• Risk averse investors prefer to maximize this value
  • This assumes a completely diversified portfolio leaving systematic risk as the relevant risk
treynor portfolio performance measure2
Treynor Portfolio Performance Measure
  • Comparing a portfolio’s T value to a similar measure for the market portfolio indicates whether the portfolio would plot above the SML
  • Calculate the T value for the aggregate market as follows:
treynor portfolio performance measure3
Treynor Portfolio Performance Measure
  • Comparison to see whether actual return of portfolio G was above or below expectations can be made using:
sharpe portfolio performance measure
Sharpe Portfolio Performance Measure
  • Risk premium earned per unit of risk
treynor versus sharpe measure
Treynor versus Sharpe Measure
  • Sharpe uses standard deviation of returns as the measure of risk
  • Treynor measure uses beta (systematic risk)
  • Sharpe therefore evaluates the portfolio manager on the basis of both rate of return performance and diversification
  • The methods agree on rankings of completely diversified portfolios
  • Produce relative not absolute rankings of performance
jensen portfolio performance measure
Jensen Portfolio Performance Measure
  • Also based on CAPM
  • Expected return on any security or portfolio is
jensen portfolio performance measure1
Jensen Portfolio Performance Measure
  • Also based on CAPM
  • Expected return on any security or portfolio is

Where: E(Rj) = the expected return on security

RFR = the one-period risk-free interest rate

j= the systematic risk for security or portfolio j

E(Rm) = the expected return on the market portfolio of risky assets

the information ratio performance measure
The Information Ratio Performance Measure
  • Appraisal ratio
  • measures average return in excess of benchmark portfolio divided by the standard deviation of this excess return
potential bias of one parameter measures
Potential Bias of One-Parameter Measures
  • positive relationship between the composite performance measures and the risk involved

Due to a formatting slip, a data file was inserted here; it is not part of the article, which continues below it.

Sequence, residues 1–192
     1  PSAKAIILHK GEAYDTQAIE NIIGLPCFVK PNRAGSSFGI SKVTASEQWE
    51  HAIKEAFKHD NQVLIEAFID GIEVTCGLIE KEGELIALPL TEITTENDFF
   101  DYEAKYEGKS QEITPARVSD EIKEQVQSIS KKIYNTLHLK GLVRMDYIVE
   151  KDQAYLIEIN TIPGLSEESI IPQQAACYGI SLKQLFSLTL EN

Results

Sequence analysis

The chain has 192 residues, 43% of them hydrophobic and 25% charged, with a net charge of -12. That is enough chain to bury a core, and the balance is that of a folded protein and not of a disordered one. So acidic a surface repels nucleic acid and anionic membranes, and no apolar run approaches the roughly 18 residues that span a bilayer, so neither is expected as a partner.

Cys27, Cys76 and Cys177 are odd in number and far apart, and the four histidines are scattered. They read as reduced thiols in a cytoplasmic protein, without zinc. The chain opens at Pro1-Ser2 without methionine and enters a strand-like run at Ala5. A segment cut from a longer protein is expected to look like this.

• alpha can be biased downward for those portfolios designed to limit downside risk
components of investment performance
Components of Investment Performance
  • Fama suggested overall performance, which is its return in excess of the risk-free rate

Portfolio Risk + Selectivity

  • Further, if there is a difference between the risk level specified by the investor and the actual risk level adopted by the portfolio manager, this can be further refined

Investor’s Risk + Manager’s Risk + Selectivity

components of investment performance1
Components of Investment Performance
  • The selectivity measure is used to assess the manager’s investment prowess
  • The relationship between expected return and risk for the portfolio is:
components of investment performance2
Components of Investment Performance
  • The market line then becomes a benchmark for the manager’s performance
components of investment performance3
Components of Investment Performance
  • The selectivity component can be broken into two parts
    • gross selectivity is made up of net selectivity plus diversification
components of investment performance4
Components of Investment Performance
  • Assuming the investor has a target level of risk for the portfolio equal to bT, the portion of overall performance due to risk can be assessed as follows:
relationship among performance measures
Relationship Among Performance Measures
  • Treynor
  • Sharpe
  • Jensen
  • Information Ratio
  • Fama net selectivity measures

Highly correlated, but not perfectly so

performance attribution analysis
Performance Attribution Analysis
  • Allocation effect
  • Selection effect
measuring market timing skills
Measuring Market Timing Skills
  • Tactical asset allocation (TAA)
  • Attribution analysis is inappropriate
    • indexes make selection effect not relevant
    • multiple changes to asset class weightings during an investment period
  • Regression-based measurement
factors that affect use of performance measures
Factors That Affect Use of Performance Measures
  • Market portfolio difficult to approximate
  • Benchmark error
    • can effect slope of SML
    • can effect calculation of Beta
    • greater concern with global investing
    • problem is one of measurement
  • Sharpe measure not as dependent on market portfolio